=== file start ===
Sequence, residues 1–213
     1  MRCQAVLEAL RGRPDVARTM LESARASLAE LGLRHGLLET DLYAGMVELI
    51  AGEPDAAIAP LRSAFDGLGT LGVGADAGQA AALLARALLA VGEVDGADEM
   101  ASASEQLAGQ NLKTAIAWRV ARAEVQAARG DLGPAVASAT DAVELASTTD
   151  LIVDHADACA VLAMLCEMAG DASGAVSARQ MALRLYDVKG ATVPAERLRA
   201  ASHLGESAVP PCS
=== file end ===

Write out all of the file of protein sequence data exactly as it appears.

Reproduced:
Sequence, residues 1–213
     1  MRCQAVLEAL RGRPDVARTM LESARASLAE LGLRHGLLET DLYAGMVELI
    51  AGEPDAAIAP LRSAFDGLGT LGVGADAGQA AALLARALLA VGEVDGADEM
   101  ASASEQLAGQ NLKTAIAWRV ARAEVQAARG DLGPAVASAT DAVELASTTD
   151  LIVDHADACA VLAMLCEMAG DASGAVSARQ MALRLYDVKG ATVPAERLRA
   201  ASHLGESAVP PCS